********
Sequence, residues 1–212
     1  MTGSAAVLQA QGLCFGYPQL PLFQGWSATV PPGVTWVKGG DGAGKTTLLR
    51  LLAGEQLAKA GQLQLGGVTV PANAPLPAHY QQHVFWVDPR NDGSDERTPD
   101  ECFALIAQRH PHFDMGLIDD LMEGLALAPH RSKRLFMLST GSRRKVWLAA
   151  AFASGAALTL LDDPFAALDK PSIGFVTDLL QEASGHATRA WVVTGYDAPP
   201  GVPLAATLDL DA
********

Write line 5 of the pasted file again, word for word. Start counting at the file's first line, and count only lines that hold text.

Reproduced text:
   151  AFASGAALTL LDDPFAALDK PSIGFVTDLL QEASGHATRA WVVTGYDAPP